# Population Density and Concentration

Categories: Data Analysis, Quantitative

This is an excerpt from Chapter 11 of Frank Donnelly’s Exploring The U.S. Census.

Population Density

Population density measures how many people there are by unit of area and is used for understanding how crowded a place is. To calculate it, you divide the population by the total land area:

For example, based on the population and land area of New Jersey in 2010:

New Jersey has been the most densely populated state in the country for quite some time, given its small geographic size relative to its population. In contrast, given its large size and small population, Alaska is the least densely populated state in the nation with 1.2 people per square mile.

The Census Bureau publishes data on population density but doesn’t make it easy to find. Table GHT-PCT from decennial SF1 file provides population and housing unit counts, land and water areas in square miles, and population and housing unit density. Land and water areas are also published in several other places, and you can use it to calculate density yourself. These sources include the geographic header file in the FTP files, the gazetteer files, and as attributes in the TIGER Line shapefiles. In these sources, the attributes are labeled ALAND and AWATER, and the units are in square meters. To calculate results in square miles, you need to multiply the square meters by this conversion factor: 0.00000038610.

Land and water areas are remeasured for all geographies every 10 years and do change over time due to natural processes like erosion and rising sea levels and because of revisions to boundaries. Land and water areas for legal geographies such as counties and places are updated between the 10-year census if there are changes to political boundaries due to annexation, incorporation, or dissolution.

Population Concentration

Population density is useful for measuring how crowded a place is, but it doesn’t tell us anything about the distribution of the population within that place. Some areas within New Jersey and Alaska are more crowded than others, as population density is not uniform across these states. The Hoover Index is used to measure population concentration, and the statistic can be interpreted as the percentage of people that would have to move in order for the population to be evenly distributed. An index value of 0 indicates that the population is evenly distributed across an area, while a value of 100 indicates that the entire population is concentrated in one place (Rogerson & Plane, 2013).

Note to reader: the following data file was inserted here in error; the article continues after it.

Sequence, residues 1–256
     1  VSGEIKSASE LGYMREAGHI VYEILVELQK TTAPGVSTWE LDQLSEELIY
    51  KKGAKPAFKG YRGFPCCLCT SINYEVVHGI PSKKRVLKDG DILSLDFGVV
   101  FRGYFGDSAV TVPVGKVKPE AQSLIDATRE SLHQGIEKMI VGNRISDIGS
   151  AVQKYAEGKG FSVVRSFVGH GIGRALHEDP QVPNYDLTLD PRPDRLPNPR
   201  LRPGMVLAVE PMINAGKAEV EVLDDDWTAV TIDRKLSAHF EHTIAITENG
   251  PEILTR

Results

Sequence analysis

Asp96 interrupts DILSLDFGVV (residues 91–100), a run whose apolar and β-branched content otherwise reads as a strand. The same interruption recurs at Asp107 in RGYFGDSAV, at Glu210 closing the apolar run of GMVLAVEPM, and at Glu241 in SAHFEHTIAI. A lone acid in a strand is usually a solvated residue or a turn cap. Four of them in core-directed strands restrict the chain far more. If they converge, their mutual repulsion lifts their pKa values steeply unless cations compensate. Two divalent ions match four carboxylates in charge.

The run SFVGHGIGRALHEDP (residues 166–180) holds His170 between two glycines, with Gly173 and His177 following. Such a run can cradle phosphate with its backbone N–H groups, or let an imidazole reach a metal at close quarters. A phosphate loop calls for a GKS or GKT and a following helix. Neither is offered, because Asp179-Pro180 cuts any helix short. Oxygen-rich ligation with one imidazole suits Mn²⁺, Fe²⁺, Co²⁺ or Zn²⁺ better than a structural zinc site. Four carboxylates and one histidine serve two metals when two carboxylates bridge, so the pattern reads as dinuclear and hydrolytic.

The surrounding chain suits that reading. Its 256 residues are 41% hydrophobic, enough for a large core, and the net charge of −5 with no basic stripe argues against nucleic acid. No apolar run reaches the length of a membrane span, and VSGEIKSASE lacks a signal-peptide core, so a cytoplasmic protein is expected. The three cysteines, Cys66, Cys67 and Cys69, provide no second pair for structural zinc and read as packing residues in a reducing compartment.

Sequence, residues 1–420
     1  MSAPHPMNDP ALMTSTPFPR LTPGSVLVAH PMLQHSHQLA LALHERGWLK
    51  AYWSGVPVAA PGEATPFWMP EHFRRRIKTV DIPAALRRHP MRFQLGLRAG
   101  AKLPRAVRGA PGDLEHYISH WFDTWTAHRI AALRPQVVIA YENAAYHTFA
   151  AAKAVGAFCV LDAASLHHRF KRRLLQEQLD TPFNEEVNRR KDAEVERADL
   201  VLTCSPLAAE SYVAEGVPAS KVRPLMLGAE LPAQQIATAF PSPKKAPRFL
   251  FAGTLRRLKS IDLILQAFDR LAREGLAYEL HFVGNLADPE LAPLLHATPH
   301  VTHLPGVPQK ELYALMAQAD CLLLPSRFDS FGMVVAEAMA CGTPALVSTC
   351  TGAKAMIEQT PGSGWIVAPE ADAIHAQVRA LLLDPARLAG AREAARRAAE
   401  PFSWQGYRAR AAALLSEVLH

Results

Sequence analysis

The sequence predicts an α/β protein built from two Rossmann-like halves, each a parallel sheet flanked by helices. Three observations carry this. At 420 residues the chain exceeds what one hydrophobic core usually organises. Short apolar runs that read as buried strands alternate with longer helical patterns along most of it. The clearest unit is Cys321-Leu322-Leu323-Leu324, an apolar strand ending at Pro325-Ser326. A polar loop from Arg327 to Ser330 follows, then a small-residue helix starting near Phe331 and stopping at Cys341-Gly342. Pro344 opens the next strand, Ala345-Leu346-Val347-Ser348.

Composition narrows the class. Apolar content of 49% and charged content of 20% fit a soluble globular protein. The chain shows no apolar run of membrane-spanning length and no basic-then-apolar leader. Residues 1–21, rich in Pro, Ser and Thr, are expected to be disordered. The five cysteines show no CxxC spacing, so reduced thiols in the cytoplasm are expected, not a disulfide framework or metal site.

Calculating the index for a place requires data on population and land area for that place as a whole and for all components or subareas of that place. To calculate the index for states, we can use counties as subareas. To do the calculation, calculate the proportion of the state’s total population and land area that’s in each county, take the absolute value of the difference between the population and land area proportions for each county, sum those county results for the state, and multiply by 50.

You can easily do this calculation in a spreadsheet. In Figure 11.1, the state’s values appear in the sheet as totals that can be referenced in the formulas. The proportions of population and land area for each county are calculated first in dedicated columns (E and F), with the absolute value of the difference between them in a third column (G). An absolute value is simply the nonnegative value of any number, representing that value’s distance from zero. The spreadsheet formula ABS is used to compute it. This column is summed and multiplied by 50 to obtain the index for the state.

New Jersey has a Hoover index of 38.6, which means that the population of the state is relatively evenly distributed. About 39 out of 100 people in New Jersey would have to move from a more densely populated to a less densely populated county in order for the state’s population to be equally distributed. In contrast, the index for Alaska is 73.2, which indicates that the state’s population is highly concentrated in certain areas. This makes sense, as two thirds of Alaskans live in the Anchorage metropolitan area.

The choice of the subarea has a large impact on the index. For the results to be meaningful, each area should have a reasonable number of subareas, subareas must nest within the larger areas, and ideally subareas should be relatively compact and not vary too widely in geographic area. Counties are a good choice for creating a state-based index, while county subdivisions (minor civil divisions and census county divisions) may be appropriate for measuring concentration at the county level. A geography like a ZIP Code Tabulation Area (ZCTA) would be a poor choice as it violates all these rules.

References

Rogerson, P. A., & Plane, D. A. (2013). The Hoover Index of population and demographic components of change: An article in memory of Andy Isserman. International Regional Science Review36(1), 97–114.

Exploring the U.S. Census

Frank Donnelly’s new book, Exploring the US Census: Your Guide to America’s Data, aims to give social science students and researchers alike the tools to understand, extract, process, and analyze data from the decennial census, the American Community Survey, and other data collected by the U.S. Census Bureau.